Shutting down a business is never easy. Between the logistical nightmares and the constant elevator pitch you have to give to friends, family and customers as to what went wrong, it’s emotionally and mentally draining. After going through that experience and knowing the vast amount of work required to start a new business, it was scary to think about doing it again.
But entrepreneurs are masochists in a sense. I equate it to everything I’ve heard about childbirth. When you’re going through it, it’s the most severe pain you’ve known, but when it’s over you have this beautiful creature that is yours and you begin to forget all of the pain. (That, and the hormones of course.) Entrepreneurship is similar. You tell yourself you’ll never put yourself through the insanity of running your own business again but before the scraps are even cleaned up from your last venture, you’re at it again. And it’s thrilling
When my last venture, healthy restaurant Green Bean, closed, it wasn’t long before I was sifting through the sticky notes of business ideas I had and having conversations with close entrepreneur friends about what they were working on. When Chris Fetter came to me with the idea for GoodFoot Socks, a performance-focused sock for the business world, I jumped at the opportunity to fill his need for a more tech-savvy and marketing-oriented co-founder. Chris, along with the other co-founder Tim Fetter (also his brother), and I got to work right away doing market research and prototyping a sock.
As we got going, the familiar excitement of starting up a business came rushing back. And as we move forward, there are a few major components that I am most looking forward to experiencing again -- those crucial elements of entrepreneurial life that keep us coming back. At the end of the day, most of us entrepreneurs are just plain hooked on entrepreneurship. Here’s why I’m all in:
A sense of ownership. When I owned a restaurant, there was nothing that beat the feeling of making someone’s lunch, accepting money for it and watching them enjoy the delicious food that I had prepared. It was profoundly satisfying.
While many employers try to foster a sense of ownership in their employees, there is no faking the feeling of owning one’s own business. I am beyond excited for the first moment I see a stranger wearing GoodFoot Socks on the subway, standing in line for a coffee or simply going about their day.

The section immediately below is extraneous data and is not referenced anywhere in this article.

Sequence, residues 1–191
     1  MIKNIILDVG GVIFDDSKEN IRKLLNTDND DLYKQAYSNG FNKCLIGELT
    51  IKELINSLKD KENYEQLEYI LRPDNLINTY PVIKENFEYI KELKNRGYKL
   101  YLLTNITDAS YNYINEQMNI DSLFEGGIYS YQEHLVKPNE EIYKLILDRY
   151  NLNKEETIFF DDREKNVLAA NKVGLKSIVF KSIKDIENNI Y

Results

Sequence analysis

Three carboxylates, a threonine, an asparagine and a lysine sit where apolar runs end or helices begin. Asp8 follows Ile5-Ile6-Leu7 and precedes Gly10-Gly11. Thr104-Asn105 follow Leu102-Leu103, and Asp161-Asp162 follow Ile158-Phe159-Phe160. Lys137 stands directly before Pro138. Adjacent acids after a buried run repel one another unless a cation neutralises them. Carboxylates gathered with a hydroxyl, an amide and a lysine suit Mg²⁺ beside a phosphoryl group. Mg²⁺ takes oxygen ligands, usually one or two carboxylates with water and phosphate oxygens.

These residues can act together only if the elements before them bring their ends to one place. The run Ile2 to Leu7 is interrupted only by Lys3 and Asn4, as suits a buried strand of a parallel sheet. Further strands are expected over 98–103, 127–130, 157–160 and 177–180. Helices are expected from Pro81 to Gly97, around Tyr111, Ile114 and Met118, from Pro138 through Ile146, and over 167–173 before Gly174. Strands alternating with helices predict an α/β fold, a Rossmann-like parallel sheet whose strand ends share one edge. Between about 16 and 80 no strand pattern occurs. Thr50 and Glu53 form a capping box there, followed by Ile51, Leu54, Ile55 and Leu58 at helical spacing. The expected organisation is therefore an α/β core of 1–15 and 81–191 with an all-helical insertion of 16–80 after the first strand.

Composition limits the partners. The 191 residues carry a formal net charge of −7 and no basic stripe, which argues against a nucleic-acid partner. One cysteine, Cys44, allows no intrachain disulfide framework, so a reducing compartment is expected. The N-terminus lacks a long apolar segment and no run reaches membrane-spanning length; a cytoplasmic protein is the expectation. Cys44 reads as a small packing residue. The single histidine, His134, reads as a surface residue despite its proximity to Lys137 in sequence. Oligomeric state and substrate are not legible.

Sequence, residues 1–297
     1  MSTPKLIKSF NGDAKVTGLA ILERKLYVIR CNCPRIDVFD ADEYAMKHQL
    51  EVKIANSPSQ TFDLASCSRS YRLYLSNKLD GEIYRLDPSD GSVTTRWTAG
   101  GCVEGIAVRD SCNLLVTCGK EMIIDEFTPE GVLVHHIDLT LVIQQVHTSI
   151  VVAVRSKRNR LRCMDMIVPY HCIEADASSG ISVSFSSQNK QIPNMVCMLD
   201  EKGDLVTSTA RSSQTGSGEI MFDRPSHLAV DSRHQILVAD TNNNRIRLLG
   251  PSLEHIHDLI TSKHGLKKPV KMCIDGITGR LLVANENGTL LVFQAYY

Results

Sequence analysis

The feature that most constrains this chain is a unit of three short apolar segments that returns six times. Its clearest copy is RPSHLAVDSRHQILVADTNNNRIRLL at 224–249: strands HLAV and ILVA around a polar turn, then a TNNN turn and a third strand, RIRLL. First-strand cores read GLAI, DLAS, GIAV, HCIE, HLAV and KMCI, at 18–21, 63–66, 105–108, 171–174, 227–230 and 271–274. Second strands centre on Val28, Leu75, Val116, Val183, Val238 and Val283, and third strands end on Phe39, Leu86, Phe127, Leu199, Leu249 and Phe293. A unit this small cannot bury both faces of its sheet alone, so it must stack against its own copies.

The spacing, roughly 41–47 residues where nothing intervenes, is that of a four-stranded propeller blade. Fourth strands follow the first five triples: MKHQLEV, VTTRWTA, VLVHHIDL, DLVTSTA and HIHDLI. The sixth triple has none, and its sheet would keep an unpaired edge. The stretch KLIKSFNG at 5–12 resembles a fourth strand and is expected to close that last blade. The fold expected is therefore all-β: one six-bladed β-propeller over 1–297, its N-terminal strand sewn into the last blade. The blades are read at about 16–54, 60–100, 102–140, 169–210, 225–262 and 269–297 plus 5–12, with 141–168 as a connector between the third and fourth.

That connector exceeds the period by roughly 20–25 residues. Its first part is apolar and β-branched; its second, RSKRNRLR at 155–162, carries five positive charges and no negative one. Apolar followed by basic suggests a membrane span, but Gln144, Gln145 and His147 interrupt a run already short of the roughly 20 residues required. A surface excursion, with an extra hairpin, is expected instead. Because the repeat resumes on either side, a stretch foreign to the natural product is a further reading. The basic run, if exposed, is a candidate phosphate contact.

Unexpected challenges. Again, entrepreneurs are slightly masochistic. While most people tend to avoid and even fear the unknown and dislike risky situations, entrepreneurs thrive on it.
Every day in the restaurant was spent putting out fires (not literally), and I expect nothing less from e-commerce. While it might not be face-to-face interactions with consumers, we will be presented with a whole new set of hurdles, and I’m ready to tackle them head on.
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Limitless possibilities. In entrepreneurship, you’re never working toward a confined goal that someone else has set for you. While it’s important to set targets and hit milestones, the ultimate potential of your vision and your efforts is infinite. And it’s OK to dream big. It will ultimately be up to you and your team to decide which growth strategy is right for your product and that approach may change a dozen times along the way -- based on shifts in consumer preferences, market changes and more.
I like knowing that the path is unknown. We could start out selling socks online, but we may find ourselves distributing socks to a chain of department stores or boutique shops or swallowed up by a technical-clothing company. The thrill is in knowing we don’t know where it ends up.
Entrepreneurship inherently comes with risks and challenges, but if you’re like me, you thrive on the excitement that those challenges bring. Whether you’ve seen failures or successes or a little bit of both, I’ll bet you’re as hooked on entrepreneurship as I am.
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